Thus far I have seen the following translations of this phrase:
to do with yourself
Chrome translations of this phrase as found somewhat intermittently in various German newspapers
- (reflexive) to do (to fare or perform (well or poorly))
- (reflexive) to look (to have an appearance of being) Der Mantel macht sich sehr schön. ― The coat looks very nice.
- (reflexive dative, colloquial) to get cracking (an (“on,” “with”)), get a move on (it), to get down (an (“to”)) (something); (in imperative:) come on, let's go
Reflexive definitions listed for "machen" at Wiktionary
to get on
One of several definitions listed for Tureng's entry for "sich machen," but this is the very first one listed.
to take care of yourself
to make something of yourself
to be arranged
Reverso, using a German to English translation
I've seen this rather daunting list at dict.cc:
and I get what's happening there, but overall, the sources I've consulted with on this seem to be a bit all over the board on this. So, I still don't know what the phrase "sich machen" without any further contextual clues (as seen in the dict.cc list) means to most Germans. My guess is that in the most simplest of explanations it means "to do something with oneself."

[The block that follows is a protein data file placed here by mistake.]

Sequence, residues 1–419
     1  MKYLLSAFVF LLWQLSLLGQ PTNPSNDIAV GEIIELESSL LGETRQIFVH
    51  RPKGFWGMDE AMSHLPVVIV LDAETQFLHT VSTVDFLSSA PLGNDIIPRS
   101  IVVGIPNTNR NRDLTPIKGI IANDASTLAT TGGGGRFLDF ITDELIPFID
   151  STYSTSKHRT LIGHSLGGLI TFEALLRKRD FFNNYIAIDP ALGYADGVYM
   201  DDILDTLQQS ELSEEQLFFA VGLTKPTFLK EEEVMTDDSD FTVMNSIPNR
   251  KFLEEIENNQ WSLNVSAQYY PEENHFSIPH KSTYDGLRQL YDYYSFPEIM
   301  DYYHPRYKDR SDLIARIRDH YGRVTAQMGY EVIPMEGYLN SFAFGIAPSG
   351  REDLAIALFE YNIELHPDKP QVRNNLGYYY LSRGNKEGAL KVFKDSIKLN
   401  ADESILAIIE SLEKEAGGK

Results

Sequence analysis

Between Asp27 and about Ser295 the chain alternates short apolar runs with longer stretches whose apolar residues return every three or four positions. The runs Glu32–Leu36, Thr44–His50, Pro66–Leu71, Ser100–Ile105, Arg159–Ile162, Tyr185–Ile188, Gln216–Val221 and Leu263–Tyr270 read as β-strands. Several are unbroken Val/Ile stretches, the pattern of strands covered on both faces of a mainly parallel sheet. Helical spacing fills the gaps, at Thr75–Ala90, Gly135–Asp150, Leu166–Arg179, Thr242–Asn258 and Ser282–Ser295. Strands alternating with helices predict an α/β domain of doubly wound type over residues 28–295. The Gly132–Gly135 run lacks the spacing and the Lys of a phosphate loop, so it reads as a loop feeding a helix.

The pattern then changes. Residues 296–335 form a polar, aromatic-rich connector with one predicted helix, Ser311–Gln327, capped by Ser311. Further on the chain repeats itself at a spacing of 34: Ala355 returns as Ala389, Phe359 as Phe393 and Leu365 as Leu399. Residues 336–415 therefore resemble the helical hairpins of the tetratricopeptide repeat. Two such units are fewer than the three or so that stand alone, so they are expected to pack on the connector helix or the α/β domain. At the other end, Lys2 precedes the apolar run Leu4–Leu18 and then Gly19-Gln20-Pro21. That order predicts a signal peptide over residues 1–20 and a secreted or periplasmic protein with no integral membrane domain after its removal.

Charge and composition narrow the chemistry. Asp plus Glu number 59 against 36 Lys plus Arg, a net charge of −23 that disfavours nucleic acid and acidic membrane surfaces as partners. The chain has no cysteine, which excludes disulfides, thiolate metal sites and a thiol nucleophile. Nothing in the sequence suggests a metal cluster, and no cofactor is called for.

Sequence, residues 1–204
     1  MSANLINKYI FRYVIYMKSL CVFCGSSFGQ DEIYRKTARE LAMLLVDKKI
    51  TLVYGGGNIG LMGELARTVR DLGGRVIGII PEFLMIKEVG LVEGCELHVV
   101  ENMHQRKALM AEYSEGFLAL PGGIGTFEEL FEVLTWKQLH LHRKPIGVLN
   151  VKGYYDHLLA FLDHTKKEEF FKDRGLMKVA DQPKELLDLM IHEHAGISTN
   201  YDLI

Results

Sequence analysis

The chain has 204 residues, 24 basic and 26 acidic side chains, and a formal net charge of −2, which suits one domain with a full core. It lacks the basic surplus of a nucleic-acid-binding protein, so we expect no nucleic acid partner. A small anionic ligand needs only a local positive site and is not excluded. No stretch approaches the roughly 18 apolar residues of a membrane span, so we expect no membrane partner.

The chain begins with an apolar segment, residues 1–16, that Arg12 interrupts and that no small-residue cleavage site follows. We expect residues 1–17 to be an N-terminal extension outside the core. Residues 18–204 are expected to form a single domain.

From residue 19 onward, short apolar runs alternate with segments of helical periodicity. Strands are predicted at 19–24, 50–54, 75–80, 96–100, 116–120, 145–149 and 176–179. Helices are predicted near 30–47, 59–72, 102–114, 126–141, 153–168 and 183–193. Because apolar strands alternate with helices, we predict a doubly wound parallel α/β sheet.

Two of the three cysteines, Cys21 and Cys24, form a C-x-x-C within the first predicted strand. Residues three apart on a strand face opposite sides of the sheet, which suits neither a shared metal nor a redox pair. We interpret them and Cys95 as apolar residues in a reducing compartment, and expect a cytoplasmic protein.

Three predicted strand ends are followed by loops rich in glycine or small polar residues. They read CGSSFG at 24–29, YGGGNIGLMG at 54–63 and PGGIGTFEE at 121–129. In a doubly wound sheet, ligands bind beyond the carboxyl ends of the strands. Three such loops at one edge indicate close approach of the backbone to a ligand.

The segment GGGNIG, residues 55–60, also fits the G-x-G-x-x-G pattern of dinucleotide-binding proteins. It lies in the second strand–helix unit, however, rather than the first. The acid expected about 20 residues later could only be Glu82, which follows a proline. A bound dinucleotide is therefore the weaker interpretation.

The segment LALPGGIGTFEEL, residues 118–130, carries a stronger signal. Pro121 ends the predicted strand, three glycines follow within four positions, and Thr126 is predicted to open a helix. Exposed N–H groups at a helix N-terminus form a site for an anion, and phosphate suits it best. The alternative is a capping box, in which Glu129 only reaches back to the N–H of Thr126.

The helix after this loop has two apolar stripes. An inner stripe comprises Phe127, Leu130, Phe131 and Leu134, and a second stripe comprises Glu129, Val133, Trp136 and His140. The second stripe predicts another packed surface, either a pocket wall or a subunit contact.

In terms of my ability to use this phrase "sich machen," I think I could manage to cobble together sentences according to the translations dict.cc (and some others have provided), but outside of such specificity, my concern would be that something would get lost in translation and that I would do well to simply find another way to express such phrases as "to improve" or "to be arranged." What advice on this phrase would you give to students of German, especially those at the intermediate level or below?